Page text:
account in allowing a rent increase pursuant to an owner's application to the Commission.
(Ord., § 9.50.073.)10 For example, under the Ordinance, the Commission can consider
an owner's "other operating and maintenance costs" when deciding on a rent increase
application. (Ibid.) (It is not disputed that Owners never went through this
10 The Ordinance at section 9.50.073 lists a number of factors the Commission may
consider in fixing space rent through the hearing process, to determine a rent that is "fair,
just and reasonable." Similarly, the Ordinance at section 9.50.063 allows Owners to
increase space rent above the applicable consumer price index by giving notice to the
affected Residents. As previously noted, the definitions portion of the Ordinance, section
9.50.030, subsection (A) defines space rent as inclusive of certain payments, fees and
charges for the use and occupancy of the mobile home space, but "exclusive of other
allowable pass-throughs as defined in subsection (H) below."
administrative procedure regarding this pass-through charge for the property taxes, as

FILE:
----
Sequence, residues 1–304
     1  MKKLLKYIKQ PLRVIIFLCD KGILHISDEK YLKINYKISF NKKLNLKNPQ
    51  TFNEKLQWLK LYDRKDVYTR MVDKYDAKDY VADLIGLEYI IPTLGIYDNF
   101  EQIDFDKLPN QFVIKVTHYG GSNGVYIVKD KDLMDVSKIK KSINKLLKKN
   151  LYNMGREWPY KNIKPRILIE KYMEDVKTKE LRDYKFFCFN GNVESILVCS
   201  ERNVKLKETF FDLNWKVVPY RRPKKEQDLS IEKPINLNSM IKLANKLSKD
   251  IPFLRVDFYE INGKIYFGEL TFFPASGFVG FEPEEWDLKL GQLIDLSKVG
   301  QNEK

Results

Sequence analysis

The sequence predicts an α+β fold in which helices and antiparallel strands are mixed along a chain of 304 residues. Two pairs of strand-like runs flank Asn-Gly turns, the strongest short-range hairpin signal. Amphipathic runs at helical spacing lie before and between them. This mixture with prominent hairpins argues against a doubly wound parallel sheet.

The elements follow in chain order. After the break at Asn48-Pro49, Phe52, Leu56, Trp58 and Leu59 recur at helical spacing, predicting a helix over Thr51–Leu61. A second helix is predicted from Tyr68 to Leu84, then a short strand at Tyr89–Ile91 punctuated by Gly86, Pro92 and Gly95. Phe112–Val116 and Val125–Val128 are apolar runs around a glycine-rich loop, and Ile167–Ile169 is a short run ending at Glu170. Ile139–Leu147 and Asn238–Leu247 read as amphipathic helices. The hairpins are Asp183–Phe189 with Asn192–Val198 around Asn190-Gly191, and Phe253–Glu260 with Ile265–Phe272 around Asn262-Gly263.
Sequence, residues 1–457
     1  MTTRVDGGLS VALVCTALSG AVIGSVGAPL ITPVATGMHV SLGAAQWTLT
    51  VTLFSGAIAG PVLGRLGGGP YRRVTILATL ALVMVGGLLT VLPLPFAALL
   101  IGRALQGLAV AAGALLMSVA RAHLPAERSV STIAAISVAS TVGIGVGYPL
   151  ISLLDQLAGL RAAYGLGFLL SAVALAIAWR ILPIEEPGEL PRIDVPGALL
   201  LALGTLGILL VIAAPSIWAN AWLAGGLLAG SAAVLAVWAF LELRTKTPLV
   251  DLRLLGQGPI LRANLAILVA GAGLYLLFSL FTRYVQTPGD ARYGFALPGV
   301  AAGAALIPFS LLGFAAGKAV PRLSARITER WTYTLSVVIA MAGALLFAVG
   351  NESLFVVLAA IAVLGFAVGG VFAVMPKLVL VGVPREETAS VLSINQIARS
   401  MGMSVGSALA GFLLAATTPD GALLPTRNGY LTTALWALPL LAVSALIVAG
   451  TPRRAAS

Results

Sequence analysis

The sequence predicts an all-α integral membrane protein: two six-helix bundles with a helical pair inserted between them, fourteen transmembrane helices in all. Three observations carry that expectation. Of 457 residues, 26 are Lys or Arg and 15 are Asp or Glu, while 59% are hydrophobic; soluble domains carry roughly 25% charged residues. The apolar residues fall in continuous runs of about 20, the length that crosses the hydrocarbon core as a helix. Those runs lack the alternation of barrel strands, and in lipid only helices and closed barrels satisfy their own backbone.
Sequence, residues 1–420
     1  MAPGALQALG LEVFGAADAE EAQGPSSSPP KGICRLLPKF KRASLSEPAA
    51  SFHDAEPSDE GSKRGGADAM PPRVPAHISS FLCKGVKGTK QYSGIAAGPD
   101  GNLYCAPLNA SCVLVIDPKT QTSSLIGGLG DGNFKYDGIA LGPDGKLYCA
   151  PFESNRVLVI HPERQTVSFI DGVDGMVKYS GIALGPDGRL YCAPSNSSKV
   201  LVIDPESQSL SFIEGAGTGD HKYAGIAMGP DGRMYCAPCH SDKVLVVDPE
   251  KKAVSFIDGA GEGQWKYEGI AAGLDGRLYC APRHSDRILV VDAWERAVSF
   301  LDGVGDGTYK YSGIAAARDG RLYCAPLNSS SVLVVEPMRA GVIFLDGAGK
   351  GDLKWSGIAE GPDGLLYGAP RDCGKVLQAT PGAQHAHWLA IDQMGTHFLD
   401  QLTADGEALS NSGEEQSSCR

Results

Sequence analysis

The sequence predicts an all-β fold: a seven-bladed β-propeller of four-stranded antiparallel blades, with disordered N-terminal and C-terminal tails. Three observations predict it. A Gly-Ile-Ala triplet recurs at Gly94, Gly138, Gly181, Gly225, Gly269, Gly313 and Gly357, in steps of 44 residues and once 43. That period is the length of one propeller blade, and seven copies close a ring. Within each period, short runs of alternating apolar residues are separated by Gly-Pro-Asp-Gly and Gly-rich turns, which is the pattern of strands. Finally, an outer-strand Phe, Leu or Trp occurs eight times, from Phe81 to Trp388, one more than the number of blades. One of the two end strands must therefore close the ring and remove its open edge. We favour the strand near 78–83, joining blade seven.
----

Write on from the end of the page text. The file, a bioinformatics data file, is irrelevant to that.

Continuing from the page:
they did not believe it was necessary.)11 Owners would extend this reasoning to say that
property tax can be a permissible component of rent, as an "other operating and
maintenance cost," even outside this rent review procedure.
In other words, Owners rely on the terms of the Ordinance to argue that property
tax pass-through charges outside of space rent are authorized here. On the other hand,
they rely on the lease terms to argue that the property tax pass-through charge is a proper
component of rent (or a proper rent adjustment), because the lease incorporates the terms
of the City Ordinance which in turn allows for a property tax pass-through charge.
Specifically, the lease includes a paragraph referencing a base monthly rent, and further
provides, "the amount of rent and any increases in rent are governed by the [City]." (See
Ord., § 9.50.030, sub. (H).) This is a somewhat circular argument. In any case, Owners
have taken inconsistent positions between 1999 and the present on whether the property
tax pass-through should properly be considered part of the aggregate "rent" or as an